So what can you do? Much of the H-1B work authorization rules are out of your control. So here’s what’s in your control:
Know the basics about the US job search for international students
Start with these two articles:
Search in less competitive cities
I interviewed an international student last year about her experience getting work in the US. She found a role at Medtronic in Minnesota. Minnesota isn’t a state on most international students’ radar, even though the quality of life is good (but cold) and the cost of living is lower compared to East or West coast cities. Target, which is headquartered in Minneapolis, MN, sponsored several H1B visas for software engineers, engineers, and data scientists in 2017.
Make the business case for international friendly companies to hire you
Translation: how will hiring you make the company/department/team better?
Employers are making a business decision to hire you. You must persuade international friendly companies to hire you.
Before you apply to any position answer these questions:
- How will hiring you benefit the company?
- What do you offer than nobody else can offer (especially an American candidate)?
- What problem can you help the company solve?
- What makes you unique as a candidate?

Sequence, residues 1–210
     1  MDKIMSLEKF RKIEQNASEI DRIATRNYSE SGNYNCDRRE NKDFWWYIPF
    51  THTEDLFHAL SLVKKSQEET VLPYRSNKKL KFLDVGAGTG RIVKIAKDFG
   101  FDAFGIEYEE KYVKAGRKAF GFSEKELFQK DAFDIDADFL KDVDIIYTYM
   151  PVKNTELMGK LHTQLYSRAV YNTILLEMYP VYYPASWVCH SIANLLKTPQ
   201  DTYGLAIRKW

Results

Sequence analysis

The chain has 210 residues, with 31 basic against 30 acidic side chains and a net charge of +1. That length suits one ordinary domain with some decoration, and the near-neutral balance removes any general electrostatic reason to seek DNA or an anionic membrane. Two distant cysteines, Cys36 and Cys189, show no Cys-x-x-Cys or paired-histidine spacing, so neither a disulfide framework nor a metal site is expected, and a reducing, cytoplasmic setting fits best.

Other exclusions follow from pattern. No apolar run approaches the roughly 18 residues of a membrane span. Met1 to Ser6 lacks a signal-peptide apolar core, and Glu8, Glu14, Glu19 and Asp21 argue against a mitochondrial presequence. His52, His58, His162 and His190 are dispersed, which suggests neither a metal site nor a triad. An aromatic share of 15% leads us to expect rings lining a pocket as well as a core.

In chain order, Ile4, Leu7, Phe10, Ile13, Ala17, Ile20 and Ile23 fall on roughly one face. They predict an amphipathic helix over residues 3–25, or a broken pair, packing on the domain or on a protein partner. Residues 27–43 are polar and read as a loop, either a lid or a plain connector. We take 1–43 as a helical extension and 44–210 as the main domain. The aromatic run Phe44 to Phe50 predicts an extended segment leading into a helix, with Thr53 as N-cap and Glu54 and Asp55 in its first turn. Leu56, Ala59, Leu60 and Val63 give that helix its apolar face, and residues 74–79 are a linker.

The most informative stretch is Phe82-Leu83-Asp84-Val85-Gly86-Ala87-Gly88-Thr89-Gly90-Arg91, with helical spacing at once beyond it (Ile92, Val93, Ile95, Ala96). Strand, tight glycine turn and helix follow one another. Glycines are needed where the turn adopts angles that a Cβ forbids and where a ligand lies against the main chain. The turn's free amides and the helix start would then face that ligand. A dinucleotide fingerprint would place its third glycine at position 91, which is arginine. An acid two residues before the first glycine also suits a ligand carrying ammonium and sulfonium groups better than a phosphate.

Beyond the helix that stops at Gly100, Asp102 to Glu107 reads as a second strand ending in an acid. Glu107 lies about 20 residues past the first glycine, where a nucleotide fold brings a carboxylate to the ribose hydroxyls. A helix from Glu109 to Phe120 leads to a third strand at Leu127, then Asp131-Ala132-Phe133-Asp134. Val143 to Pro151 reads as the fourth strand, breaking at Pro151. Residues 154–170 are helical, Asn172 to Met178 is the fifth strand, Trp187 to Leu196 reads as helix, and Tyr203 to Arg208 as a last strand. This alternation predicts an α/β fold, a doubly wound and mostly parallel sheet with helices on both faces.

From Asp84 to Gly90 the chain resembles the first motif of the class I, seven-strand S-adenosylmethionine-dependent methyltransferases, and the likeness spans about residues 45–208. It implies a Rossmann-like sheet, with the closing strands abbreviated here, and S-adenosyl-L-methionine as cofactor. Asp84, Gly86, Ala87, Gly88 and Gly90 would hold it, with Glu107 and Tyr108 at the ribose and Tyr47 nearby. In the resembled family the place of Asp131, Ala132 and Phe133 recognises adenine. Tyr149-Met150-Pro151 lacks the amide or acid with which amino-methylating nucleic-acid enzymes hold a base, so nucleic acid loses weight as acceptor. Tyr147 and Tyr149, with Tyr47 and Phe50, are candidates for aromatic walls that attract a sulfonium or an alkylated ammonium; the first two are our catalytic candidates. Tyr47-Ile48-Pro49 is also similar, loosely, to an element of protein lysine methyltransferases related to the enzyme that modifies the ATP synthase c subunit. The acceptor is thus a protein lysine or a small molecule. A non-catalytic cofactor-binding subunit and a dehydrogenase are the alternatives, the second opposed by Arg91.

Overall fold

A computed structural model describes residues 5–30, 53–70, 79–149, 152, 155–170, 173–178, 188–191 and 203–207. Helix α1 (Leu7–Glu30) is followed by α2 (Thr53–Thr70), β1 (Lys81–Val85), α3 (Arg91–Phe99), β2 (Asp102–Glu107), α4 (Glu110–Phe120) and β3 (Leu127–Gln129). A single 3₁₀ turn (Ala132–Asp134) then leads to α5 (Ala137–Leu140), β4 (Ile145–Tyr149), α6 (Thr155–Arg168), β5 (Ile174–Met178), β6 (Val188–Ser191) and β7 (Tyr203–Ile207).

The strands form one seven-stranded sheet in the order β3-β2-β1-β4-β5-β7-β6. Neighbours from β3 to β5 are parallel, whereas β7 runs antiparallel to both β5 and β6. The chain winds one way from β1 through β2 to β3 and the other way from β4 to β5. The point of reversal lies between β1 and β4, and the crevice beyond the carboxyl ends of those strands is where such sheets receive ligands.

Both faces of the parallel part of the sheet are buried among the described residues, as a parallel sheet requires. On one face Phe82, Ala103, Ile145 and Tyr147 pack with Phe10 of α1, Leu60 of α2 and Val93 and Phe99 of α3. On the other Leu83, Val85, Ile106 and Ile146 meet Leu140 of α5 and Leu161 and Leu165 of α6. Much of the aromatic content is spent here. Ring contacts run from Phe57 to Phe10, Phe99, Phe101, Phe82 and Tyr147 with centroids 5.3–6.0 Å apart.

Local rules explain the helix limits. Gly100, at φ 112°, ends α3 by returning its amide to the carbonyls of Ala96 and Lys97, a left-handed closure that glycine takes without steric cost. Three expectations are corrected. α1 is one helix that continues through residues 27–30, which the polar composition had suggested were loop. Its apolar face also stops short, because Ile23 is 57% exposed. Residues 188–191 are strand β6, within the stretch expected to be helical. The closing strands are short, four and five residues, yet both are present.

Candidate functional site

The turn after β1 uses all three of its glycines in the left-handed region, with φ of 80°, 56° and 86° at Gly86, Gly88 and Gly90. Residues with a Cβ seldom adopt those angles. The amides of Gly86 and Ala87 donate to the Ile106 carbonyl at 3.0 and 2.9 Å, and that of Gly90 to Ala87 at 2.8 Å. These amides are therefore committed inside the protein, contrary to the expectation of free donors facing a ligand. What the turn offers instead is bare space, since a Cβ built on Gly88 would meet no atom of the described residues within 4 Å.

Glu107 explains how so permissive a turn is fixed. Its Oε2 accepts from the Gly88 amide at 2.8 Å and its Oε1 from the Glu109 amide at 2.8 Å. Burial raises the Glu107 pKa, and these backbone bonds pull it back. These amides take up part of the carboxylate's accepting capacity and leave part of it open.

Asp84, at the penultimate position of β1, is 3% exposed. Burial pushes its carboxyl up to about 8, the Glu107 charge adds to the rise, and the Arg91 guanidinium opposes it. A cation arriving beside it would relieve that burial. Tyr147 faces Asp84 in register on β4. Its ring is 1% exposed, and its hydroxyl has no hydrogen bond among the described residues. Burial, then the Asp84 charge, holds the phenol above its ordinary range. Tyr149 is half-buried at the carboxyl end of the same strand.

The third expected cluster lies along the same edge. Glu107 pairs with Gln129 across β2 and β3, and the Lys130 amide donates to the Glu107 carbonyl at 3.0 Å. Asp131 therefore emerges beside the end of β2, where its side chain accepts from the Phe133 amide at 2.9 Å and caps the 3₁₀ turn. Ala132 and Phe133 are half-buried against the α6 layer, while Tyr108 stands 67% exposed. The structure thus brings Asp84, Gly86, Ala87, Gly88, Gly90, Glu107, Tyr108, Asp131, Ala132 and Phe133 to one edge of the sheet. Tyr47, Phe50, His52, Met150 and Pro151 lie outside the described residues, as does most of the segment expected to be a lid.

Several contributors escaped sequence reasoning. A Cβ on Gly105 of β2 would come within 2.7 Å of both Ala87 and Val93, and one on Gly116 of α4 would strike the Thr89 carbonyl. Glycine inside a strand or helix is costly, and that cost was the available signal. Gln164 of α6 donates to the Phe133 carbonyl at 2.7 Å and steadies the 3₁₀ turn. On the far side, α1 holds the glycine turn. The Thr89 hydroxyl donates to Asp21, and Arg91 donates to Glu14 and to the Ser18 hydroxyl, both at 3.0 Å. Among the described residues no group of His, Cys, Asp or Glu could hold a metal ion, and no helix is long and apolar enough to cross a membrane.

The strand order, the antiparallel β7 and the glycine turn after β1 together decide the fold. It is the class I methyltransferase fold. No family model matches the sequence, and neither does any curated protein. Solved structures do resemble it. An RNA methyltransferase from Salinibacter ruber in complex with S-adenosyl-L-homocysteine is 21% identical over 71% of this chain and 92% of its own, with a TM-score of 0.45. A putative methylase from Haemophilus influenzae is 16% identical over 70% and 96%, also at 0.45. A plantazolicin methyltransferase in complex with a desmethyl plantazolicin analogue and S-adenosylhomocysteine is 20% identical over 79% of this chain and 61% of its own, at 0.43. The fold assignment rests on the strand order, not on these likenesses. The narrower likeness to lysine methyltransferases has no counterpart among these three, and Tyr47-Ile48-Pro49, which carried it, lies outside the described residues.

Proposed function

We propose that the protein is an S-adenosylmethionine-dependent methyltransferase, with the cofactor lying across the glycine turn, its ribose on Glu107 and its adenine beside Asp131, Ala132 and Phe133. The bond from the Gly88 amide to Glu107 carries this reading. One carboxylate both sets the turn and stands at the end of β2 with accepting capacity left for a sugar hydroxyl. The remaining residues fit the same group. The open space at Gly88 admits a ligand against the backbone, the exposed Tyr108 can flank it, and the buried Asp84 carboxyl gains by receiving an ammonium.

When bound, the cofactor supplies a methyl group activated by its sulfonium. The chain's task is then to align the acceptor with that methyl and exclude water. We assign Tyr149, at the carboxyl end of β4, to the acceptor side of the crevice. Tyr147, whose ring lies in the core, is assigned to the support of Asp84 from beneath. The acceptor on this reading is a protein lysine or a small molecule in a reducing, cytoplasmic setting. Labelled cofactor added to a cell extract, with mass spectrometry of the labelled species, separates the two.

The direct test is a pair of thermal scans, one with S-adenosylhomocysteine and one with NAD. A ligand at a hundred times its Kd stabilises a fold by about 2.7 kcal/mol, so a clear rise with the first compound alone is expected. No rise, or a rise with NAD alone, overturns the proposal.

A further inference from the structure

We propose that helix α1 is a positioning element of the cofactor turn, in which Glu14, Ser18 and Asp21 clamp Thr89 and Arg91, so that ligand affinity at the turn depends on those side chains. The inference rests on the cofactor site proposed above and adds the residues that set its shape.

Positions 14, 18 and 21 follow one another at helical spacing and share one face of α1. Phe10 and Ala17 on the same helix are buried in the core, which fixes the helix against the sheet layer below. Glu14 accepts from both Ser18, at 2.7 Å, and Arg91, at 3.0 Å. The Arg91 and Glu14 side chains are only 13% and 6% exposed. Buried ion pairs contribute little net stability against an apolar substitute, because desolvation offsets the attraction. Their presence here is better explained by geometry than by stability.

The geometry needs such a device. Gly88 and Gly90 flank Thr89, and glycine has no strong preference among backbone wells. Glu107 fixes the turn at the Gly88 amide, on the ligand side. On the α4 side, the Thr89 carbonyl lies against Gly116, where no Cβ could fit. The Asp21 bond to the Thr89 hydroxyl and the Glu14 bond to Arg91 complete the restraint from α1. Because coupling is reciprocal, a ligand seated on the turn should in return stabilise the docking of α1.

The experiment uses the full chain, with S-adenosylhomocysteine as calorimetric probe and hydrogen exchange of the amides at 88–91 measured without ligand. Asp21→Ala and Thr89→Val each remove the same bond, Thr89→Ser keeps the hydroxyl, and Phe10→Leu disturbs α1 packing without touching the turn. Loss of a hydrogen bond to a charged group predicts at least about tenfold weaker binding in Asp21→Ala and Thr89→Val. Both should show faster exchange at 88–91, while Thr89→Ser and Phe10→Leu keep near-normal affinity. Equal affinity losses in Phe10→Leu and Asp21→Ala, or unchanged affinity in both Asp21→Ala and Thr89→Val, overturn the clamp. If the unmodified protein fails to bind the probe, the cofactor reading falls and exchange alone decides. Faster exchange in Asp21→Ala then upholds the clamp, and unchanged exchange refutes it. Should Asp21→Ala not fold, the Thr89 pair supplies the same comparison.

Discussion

These questions take time to answer. Spend time reflecting on them. The answer help you shape your narrative and communicate your value to employers.
Get creative with your OPT options
I knew a student who pitched a unique idea to a global accounting firm: Let him work in the US on OPT for a year, then he’ll return to his country or another company location outside the US. He was an exceptional candidate. They agreed.
This is an option if you are targeting global companies. To do this effectively you need four things:
- An understanding of the business operations and needs
- An understanding of how you fit into the business
- Good communication and relationship building skills
- Relationships with the people who do the hiring (team members, recruiters, and/or recruiting managers). You can’t propose this the first time you meet a recruiter or someone from the company. They need to get to know you, know your background, and see you are a fit for their company, before you have this conversation.